Title: Development Associate
Location: Washington, DC
Compensation: Competitive salary, depending on level of skills and experience. Full health benefits, flexible spending plan and generous vacation and sick leave.
Summary: The role of the Development Associate is to assist the Director of Development in undertaking a proactive campaign to secure funds to carry out the organization’s mission and vision and to implement its strategic and tactical plans. Requirements include: good management, planning and coordinating skills; excellent attention to detail and follow-through; experience in using and maintaining a database.
- Serve as lead coordinator to ensure the success of the organization’s primary special event fundraiser, the annual American Courage Awards reception.
- Provide support (planning, correspondence, etc.) required to implement all fundraising events and meetings.
- Create, manage and maintain corporate and law firm partnerships to enhance fundraising and in-kind donations.
- Conduct prospect research on potential funding sources including corporations and law firms.
- Coordinate sponsorship agreements with partner organizations.
- Assist in maintaining the integrity of the department’s Raiser’s Edge fundraising database through conducting data entry and reporting.
- Produce quality written documents as it relates to primary functional areas, such as: solicitations for the American Courage Awards and acknowledgements.
- Schedule and prepare background materials for meetings for Director of Development and Executive Director with current corporate donors and prospects.
- Contribute to the department’s marketing functions by serving as a liaison for annual report production, Web updates and other collateral, as needed.
- Assist the Director of Development in setting organizational income goals. Assist with the preparation of periodic income reports and projections as needed.
- Perform other development tasks and duties as assigned by the Director of Development.
- Supervisory responsibilities: Assist in supervising development intern.
Knowledge, skills and abilities: Must be detail-oriented and extremely organized. Must have excellent interpersonal and writing skills that indicate an ability to communicate effectively with a wide range of audiences. Must be able to coordinate multiple tasks concurrently while being thorough and comprehensive. Must have initiative and the ability to exercise good judgment. Flexible, independent team player.
Bachelor’s degree and at least one year of development experience. Proficiency in Raiser’s Edge strongly preferred. Event planning and experience in the nonprofit sector a plus.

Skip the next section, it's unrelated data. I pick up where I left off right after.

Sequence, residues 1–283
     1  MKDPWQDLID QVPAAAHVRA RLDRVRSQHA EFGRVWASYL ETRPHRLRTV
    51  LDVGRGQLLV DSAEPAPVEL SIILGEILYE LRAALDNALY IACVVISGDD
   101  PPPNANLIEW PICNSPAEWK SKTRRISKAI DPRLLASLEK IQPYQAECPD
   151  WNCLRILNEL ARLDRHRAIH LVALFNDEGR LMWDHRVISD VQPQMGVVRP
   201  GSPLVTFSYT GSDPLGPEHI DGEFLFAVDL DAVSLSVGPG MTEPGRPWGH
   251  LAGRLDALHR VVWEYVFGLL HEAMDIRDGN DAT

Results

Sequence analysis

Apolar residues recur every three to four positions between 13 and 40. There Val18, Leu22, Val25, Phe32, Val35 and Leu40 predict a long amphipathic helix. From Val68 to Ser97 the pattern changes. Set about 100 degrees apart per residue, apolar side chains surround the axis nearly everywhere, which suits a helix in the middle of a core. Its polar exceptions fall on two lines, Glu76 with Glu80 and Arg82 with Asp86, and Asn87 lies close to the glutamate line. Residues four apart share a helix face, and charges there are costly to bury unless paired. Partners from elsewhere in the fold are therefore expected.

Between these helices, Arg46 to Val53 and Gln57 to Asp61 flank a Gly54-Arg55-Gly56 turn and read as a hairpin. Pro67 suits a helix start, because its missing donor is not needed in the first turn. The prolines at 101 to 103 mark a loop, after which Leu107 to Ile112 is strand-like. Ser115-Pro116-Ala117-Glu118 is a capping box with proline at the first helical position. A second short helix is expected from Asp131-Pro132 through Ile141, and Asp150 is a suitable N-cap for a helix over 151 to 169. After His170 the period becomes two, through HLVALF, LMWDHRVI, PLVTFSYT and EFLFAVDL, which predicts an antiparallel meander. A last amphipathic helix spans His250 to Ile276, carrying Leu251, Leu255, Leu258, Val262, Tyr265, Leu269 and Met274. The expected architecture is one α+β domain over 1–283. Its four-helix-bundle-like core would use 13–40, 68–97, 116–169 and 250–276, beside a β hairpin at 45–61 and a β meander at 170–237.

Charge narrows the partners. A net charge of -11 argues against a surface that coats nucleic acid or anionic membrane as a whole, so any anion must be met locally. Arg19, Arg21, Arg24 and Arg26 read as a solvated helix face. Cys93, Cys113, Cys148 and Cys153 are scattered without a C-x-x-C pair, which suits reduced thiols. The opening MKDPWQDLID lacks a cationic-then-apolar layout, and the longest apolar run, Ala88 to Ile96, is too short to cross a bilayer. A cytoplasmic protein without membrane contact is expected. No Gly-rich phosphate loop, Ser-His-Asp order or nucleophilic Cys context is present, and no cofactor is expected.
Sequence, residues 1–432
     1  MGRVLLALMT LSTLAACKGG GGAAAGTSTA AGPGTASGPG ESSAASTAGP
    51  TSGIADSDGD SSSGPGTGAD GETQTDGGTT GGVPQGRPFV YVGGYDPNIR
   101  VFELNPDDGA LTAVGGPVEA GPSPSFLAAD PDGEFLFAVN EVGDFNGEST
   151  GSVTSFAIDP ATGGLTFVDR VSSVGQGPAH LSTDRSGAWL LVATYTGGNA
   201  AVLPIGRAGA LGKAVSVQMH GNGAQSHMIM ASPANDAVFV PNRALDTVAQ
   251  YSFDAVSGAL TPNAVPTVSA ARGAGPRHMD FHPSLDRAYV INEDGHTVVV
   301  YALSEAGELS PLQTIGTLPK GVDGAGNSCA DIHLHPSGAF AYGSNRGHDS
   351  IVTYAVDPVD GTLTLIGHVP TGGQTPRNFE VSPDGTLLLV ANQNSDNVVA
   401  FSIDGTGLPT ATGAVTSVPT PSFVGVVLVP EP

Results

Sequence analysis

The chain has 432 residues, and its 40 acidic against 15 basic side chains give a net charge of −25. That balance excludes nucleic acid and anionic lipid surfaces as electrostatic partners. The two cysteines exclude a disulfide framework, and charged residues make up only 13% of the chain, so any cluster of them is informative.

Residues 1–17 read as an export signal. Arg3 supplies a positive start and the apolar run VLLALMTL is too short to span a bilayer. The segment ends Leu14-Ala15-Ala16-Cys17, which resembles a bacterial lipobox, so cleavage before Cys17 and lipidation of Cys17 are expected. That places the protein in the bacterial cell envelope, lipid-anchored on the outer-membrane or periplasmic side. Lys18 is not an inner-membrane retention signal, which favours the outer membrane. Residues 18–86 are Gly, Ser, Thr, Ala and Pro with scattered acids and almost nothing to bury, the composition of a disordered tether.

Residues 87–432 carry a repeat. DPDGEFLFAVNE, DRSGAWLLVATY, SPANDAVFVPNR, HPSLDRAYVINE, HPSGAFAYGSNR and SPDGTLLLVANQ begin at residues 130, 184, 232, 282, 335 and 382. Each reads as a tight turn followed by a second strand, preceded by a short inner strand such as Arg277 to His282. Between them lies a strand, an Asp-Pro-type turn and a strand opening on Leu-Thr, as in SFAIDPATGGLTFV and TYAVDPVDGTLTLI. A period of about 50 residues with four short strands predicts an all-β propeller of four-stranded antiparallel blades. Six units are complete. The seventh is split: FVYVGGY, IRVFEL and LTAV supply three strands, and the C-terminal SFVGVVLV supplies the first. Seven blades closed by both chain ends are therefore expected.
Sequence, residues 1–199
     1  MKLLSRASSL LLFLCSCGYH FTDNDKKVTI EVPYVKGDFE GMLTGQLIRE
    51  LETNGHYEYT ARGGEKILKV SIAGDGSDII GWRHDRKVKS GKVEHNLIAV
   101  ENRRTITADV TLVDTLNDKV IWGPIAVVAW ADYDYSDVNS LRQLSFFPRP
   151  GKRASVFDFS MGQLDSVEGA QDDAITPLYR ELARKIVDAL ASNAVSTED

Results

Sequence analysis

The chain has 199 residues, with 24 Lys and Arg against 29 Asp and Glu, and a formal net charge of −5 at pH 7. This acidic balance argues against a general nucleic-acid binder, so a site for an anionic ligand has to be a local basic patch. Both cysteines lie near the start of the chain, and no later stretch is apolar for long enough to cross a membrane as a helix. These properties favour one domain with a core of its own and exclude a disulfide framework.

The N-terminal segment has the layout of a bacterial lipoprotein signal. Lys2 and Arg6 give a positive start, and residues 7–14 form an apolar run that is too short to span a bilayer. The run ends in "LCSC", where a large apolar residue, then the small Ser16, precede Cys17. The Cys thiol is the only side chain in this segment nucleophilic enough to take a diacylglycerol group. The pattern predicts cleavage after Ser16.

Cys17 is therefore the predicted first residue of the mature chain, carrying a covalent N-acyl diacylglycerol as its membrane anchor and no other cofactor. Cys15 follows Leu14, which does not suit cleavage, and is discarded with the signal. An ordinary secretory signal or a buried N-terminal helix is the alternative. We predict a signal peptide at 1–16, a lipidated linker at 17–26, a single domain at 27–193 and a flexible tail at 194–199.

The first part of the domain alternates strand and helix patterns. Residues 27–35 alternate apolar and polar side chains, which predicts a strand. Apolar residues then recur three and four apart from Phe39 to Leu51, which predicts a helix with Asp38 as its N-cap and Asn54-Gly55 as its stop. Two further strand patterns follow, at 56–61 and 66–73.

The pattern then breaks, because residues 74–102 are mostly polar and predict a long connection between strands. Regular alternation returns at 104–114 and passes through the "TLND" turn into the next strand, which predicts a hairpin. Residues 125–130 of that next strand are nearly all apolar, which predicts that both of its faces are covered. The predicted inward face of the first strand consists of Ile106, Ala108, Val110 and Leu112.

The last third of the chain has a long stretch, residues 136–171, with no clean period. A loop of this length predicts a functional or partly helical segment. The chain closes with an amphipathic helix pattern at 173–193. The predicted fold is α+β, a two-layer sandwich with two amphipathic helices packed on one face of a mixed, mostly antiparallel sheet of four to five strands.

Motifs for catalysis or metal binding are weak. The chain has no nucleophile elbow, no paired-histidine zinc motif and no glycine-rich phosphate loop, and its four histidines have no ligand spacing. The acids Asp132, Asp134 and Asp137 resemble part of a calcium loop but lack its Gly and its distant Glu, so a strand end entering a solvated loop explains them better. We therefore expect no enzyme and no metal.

Application deadline: December 2, 2011
Send resume with references, writing sample and a cover letter to:
Hannah Stone, Director of Development, at firstname.lastname@example.org or AAJC; 1140 Connecticut Avenue NW, Suite 1200; Washington, DC 20036.
The Leadership Conference on Civil and Human Rights is a coalition charged by its diverse membership of more than 200 national organizations to promote and protect the civil and human rights of all persons in the United States. Through advocacy and outreach to targeted constituencies, The Leadership Conference works toward the goal of a more open and just society – an America as good as its ideals. The Leadership Conference Education Fund builds public will for federal policies that promote and protect the civil and human rights of all persons in the United States. The Education Fund’s campaigns empower and mobilize advocates around the country to push for progressive change in the United States.
The Leadership Conference and The Education Fund offer a substantive, fast-paced internship program designed to give undergraduate students interested in civil and human rights, public service, advocacy, journalism and online communications, real-world work experience in the policy arena. The program provides interns the chance to increase their knowledge and awareness of civil and human rights issues, enhance their understanding of coalition politics, and observe the legislative process of our federal government. Interns are fully integrated into staff activities and involved in field operations, development work, web content, and communications work.